The Butcher’s Guide: What is a Flat Iron Steak?
- by Omaha Steaks
- Last updated Oct 26, 2023
Have you heard of a flat iron steak? It is the second-most tender steak, next to the filet mignon with a big, bold beefy flavor like New York strip. This innovative steak cut is “new” in last few decades, but steak lovers LOVE it for its fantastic marbling and texture. So what exactly is a flat iron and what gives it unique flavors and tenderness?
The Origin of a Flat Iron Steak
The flat iron is a newer steak cut and is also known as the butler’s steak or oyster blade steak. For many years, this area of the animal was considered an unusable cut of meat due to connective tissue and sinew that ran through it. In a joint initiative between the University of Nebraska and the University of Florida, researchers devised an innovative way to trim the connective tissue from the meat resulting in a tender, delicious new steak cut – the flat iron.
Cutting a Flat Iron
The flat iron is carved from the chuck subprimal, and more specifically, the top muscle blade. The chuck gets exercise, resulting in connective tissue which means it is less tender than other cuts. However, the top blade itself doesn’t have much connective tissue. To cut the tender flat iron, our master butchers seam the top blade to get to the strip that runs through it. They then remove the sinew to get two long pieces of finely marbled roasts that are cut across the grain to create flat iron steaks.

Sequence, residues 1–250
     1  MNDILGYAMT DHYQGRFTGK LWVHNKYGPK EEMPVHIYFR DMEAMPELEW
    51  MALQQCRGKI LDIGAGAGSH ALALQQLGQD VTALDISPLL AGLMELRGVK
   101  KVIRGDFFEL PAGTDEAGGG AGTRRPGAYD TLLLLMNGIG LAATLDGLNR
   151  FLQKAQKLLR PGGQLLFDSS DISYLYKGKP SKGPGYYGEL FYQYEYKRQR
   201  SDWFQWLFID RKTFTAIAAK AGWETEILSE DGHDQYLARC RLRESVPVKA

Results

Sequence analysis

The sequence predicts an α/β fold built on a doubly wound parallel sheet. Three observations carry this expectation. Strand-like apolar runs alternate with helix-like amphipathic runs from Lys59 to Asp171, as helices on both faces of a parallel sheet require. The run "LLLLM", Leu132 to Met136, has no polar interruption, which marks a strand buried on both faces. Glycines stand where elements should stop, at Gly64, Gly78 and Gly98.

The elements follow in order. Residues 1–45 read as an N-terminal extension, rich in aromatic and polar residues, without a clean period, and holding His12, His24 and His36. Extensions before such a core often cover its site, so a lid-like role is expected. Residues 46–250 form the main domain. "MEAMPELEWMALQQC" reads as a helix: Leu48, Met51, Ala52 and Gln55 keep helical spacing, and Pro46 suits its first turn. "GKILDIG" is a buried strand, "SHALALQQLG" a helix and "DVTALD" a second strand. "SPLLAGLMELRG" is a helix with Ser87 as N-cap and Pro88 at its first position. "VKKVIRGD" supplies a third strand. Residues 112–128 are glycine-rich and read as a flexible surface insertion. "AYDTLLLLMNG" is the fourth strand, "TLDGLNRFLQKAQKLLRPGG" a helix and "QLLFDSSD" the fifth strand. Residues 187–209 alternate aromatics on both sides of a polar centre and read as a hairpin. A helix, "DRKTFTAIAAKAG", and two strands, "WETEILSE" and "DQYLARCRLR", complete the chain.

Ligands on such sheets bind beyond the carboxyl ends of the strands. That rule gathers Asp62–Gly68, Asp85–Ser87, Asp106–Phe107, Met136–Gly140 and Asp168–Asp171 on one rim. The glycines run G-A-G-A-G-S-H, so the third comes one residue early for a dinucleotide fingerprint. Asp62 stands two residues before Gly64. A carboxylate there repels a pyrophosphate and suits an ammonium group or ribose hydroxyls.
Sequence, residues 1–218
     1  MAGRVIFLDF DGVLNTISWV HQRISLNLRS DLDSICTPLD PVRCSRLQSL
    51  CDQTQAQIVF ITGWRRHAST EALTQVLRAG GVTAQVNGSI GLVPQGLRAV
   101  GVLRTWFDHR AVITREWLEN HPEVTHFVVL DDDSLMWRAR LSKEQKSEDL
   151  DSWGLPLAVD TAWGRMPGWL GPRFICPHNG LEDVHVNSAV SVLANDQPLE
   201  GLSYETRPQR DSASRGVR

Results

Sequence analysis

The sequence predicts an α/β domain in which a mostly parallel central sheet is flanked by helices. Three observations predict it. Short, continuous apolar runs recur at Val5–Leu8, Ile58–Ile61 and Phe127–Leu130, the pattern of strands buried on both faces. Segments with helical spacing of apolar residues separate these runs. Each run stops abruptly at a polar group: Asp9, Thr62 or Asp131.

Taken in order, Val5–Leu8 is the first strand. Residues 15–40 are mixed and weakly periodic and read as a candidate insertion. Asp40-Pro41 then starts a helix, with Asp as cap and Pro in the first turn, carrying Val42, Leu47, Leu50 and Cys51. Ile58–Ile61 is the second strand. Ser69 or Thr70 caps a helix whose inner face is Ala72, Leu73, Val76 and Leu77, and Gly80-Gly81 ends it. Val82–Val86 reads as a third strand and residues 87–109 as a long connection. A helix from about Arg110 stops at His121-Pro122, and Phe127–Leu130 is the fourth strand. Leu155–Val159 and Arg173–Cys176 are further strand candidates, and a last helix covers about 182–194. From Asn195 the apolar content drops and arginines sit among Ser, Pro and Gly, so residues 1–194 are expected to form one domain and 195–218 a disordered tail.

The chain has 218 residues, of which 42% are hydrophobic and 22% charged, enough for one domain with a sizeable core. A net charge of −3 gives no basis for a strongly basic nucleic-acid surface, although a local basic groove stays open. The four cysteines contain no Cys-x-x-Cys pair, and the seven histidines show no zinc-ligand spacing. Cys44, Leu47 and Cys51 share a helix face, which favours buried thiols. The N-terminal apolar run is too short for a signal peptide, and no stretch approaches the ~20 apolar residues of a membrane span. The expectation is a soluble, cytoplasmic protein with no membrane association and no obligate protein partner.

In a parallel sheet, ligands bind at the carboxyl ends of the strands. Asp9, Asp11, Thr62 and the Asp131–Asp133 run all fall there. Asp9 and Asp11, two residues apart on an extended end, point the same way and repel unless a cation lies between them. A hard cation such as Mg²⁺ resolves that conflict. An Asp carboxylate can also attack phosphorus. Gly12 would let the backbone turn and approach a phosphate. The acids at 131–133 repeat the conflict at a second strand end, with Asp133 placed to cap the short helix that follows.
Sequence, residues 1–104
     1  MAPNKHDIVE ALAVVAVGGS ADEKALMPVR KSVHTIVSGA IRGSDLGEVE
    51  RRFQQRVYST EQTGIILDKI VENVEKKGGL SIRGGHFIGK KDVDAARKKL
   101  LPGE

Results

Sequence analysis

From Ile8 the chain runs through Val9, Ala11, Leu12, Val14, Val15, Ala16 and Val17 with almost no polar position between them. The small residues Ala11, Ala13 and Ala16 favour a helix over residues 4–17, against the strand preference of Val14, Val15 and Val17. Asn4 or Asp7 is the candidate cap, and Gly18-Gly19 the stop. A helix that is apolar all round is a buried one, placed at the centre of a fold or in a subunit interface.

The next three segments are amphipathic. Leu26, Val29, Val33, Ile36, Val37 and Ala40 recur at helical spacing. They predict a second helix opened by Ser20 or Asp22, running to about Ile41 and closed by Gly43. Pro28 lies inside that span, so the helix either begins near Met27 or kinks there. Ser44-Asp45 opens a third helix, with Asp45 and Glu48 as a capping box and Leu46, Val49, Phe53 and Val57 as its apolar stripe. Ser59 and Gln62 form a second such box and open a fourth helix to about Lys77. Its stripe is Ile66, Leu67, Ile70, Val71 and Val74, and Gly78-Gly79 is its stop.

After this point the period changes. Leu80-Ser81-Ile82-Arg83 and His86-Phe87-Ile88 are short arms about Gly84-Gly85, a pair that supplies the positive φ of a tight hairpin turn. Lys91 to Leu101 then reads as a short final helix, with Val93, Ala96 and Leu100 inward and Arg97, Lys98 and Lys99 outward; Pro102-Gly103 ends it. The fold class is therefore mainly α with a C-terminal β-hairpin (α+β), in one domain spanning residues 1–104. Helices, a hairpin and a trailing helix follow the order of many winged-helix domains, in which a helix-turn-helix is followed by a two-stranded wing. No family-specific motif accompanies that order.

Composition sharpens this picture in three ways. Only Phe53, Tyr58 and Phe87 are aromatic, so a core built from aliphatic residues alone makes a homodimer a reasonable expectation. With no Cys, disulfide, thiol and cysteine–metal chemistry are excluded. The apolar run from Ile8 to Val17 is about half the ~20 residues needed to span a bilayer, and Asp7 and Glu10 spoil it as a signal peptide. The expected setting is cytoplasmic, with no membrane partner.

There are only two top blade roasts in every animal – each weighs 1-1.5 pounds and yields four 4 oz. steaks or two 7 oz. steaks. It’s a very small part of the animal, but it is extremely tender and well marbled. The location on the animal gives the flat iron fantastic marbling for a bold beefy flavor, similar to a New York Strip, and the careful carving by our butchers results in a fork tender texture, like a filet mignon. It’s a truly unique and delicious steak experience.
How to Cook a Flat Iron
A flat iron is a versatile steak that can be cooked by several methods. It’s great in steak recipes like stir-frys or steak fajitas. It can also be grilled, broiled or pan fried. The fine marbling will cook into the steak, creating a juicy, flavorful steak when cooked to a perfect medium-rare doneness. To prep the flat iron, season liberally with coarse sea salt and fresh black pepper. Cook to perfection indoors using the pan-seared method or sous vide and sear cooking method or outdoors on the grill.
When grilling a flat iron, check our grilling guide for beginners and follow this steak cooking chart or download the Omaha Steaks app with a built-in time to cook your steak to an ideal medium-rare doneness.
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